September 7, 2014

Making Tracks

Not quite Lawrence of Arabia, Wadi Rum Jordan
I am besotted with stories that feature a Hero Who Goes. In The Unlikely Pilgrimage of Harold Fry, by Rachel Joyce, mild-mannered Mr. Fry heads out one morning from his London home to post a letter...and just keeps walking. In Wild, Cheryl Strayed starts out on the Pacific Crest Trail clueless and weighed down by a pack overflowing with silly camping stuff that she doesn't know how to use and, mostly, her own demons.  In The Memory of Running by Ron McClarty, an obese chain-smoking couch potato in his 40's wheels his bike to the end of the driveway in Maine and gets off in Los Angeles.

The journey helps these heroes eventually burn away the pain that fueled their first steps. That's how it works in good stories.

I do not feel propelled by pain. Nevertheless, I am always yearning to get my boots on a path and walk from one point to another, to another. Our walk from Nazareth to the Sea of Galilee gave me a great taste of that, but it was only 4 days. I want to be able to keep going, however long it takes, without having to stop.

If I were the hero of a good story, I would do that tomorrow. But I am the hero of My Story, which contains a lot of other characters and a plot that borders on ridiculous. At the same time, I am turning 60 in a matter of months and decided this was the time to honor that side of myself in a way that worked for my life. And so, tomorrow, I will Go by getting on a plane with E (and Mr. E) and walking for eight days in the highlands of Scotland.  We're hitting the Rob Roy Way, a 94-mile trail which is either named for a famous Scottish outlaw or a cocktail from the 1950s, I forget which.

Himself heard "highlands" and deduced that this was a code word for "uphill." He also saw the packing list, which is heavily weighted toward staying dry in the rain. While I tried to seduce him with thoughts of decaying castles, he decided to be the hero of His Story and stay on dry, level ground right here in Pennsylvania.

Each day will involve a 9 to 12 mile hike, from one tiny town to the next. We hired folks who booked the lodging,forwarded us detailed maps and itineraries, and most important, will shlep our stuff from one town to the next. So all I have to do is walk. Every day for 8 days, no matter what kind of terrain or what kind of weather we encounter. Just me, my very good friends,and my daypack (which contains a compass, a knife, matches and, lest the challenges of the trail get too much, a cell phone and a credit card.)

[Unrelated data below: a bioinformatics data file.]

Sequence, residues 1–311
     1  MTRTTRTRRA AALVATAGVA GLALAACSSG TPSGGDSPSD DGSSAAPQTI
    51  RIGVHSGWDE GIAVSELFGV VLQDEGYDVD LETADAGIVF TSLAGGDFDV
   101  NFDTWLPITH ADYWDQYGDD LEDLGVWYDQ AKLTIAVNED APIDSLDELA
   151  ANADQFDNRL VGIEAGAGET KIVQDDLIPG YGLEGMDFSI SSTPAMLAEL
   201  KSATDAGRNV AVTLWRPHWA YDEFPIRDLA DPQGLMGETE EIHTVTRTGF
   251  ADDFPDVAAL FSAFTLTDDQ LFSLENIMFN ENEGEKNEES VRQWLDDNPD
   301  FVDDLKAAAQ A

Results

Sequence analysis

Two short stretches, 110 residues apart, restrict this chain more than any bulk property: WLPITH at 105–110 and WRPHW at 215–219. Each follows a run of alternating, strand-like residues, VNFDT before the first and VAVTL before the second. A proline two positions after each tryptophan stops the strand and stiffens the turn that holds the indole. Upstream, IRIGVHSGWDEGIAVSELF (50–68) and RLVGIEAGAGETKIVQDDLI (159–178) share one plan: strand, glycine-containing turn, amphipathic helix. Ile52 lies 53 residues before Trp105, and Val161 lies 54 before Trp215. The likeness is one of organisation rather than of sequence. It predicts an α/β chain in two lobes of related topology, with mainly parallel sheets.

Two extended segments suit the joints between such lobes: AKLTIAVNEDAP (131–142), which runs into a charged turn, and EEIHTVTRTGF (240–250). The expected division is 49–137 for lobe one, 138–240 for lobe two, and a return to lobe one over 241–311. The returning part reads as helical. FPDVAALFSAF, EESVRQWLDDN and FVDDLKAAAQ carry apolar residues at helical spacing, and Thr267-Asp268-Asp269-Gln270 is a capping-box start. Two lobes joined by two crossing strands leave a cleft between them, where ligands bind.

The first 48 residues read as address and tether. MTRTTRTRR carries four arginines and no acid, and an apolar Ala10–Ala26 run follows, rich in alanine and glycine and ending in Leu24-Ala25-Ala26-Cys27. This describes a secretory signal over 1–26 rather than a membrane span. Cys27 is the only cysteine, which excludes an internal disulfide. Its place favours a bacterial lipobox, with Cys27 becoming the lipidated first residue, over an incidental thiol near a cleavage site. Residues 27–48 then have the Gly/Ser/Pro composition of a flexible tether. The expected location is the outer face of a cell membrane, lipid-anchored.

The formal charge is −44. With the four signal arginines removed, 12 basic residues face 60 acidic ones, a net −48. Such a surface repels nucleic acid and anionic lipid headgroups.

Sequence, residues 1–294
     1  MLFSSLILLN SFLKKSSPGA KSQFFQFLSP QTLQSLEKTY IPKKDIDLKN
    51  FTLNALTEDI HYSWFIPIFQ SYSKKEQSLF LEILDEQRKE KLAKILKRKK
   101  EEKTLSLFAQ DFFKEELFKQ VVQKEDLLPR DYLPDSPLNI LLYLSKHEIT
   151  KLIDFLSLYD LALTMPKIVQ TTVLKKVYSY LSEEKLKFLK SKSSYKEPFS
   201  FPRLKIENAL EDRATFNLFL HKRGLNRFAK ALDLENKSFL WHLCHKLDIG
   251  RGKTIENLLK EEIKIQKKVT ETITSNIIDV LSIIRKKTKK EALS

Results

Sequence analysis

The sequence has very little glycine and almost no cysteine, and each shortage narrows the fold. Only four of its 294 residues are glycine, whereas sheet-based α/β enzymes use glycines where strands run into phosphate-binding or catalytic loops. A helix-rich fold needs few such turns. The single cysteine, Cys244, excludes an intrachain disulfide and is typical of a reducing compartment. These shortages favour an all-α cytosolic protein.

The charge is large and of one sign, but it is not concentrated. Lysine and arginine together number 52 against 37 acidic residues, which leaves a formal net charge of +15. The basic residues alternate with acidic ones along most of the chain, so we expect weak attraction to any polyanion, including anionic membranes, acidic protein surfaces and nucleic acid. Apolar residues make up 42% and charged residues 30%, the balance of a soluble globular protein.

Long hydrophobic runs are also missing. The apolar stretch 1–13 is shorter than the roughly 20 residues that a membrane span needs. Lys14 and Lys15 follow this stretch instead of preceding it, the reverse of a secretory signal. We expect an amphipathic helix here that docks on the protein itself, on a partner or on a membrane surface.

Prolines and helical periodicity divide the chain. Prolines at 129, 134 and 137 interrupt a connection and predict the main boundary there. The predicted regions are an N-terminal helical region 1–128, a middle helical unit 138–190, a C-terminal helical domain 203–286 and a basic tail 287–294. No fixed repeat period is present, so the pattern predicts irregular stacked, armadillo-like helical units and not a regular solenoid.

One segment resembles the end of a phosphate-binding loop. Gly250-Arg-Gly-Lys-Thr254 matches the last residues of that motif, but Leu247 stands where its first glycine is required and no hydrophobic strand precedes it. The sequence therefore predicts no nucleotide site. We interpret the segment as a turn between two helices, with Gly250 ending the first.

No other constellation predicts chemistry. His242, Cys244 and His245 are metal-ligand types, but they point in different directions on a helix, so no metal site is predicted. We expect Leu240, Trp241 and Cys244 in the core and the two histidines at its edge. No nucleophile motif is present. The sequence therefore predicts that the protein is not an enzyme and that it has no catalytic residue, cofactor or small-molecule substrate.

I don't know what to expect.

And that's why I am going.


  1. Tis a beautiful place over there
    and you are bound to have a marvelous journey
    no matter what unfolds. I think the whole things sounds GRAND!!


    1. Thanks, Christi...I was there many many years ago and only remember heather and haggis.

  2. what an adventure! oh I wish I was joining you....not now, so I'll stay put and look forward to your tales over here on your blog
    you're off Today, wish you a happy, safe journey and lots of fun, trials and tribulations, reaping the rewards (stunning view, panoramic sunset, glorious rain, dry socks, tea) as you slog up and down the mountains, reminding self of the warm welcome you will receive each day in the next B&B, oh what fun this will be!
    love Saskia x

    1. Slog? It already sounds wet!

      I am planning to learn how to drink Scotch so the blog should be interesting. Thank you for the warm wishes.

  3. I don't know Scotland that well but it is a beautiful country, sure you will enjoy it. It might even be independent from the rest of us by then.

    1. The vote is on the day we leave. How civilized to do it by voting instead of revolution.

  4. I'm late here but you popped up over at grace so I know that you haven't fallen into a loch or met Nessie. To be the hero of your journey before 60, well absolutely YES and so fits the you I've come to know. Now then, I will think of you and your return and toast you with a wee dram but since I don't do Scotch, it will have to be a toast from this foamy grape slush that we are calling Rose wine and it will be ready in about 4 weeks. By then you will have lost your Scottish accent, discarded your kilt (do women wear kilts in Scotland?) and we will be all the better for the tales that you will share and in anticipation of those, here are some lyrics from a Scottish ballad titled, "Tramps and Hawkers":

    "O come a' ye tramps and hawker-lads
    An' gaitherers o' bla'
    That tramp the country roun' and roun'
    Come listen one and a'
    I'll tell tae ye a rovin' tale
    An' places I hae been..."

    So our dear Bonnie Lass, keep on walking, drink your Scotch so that your voice is in fine fettle for your story telling and most of all, welcome back home.

    1. Just found this, Marti and what a wonderful poem!! I am definitely a tramp. Just ask my mother. Stories are starting....

  5. i don't know what to expect

    that's the greatest thing of all. i don't know what to expect. yes. breathe it in.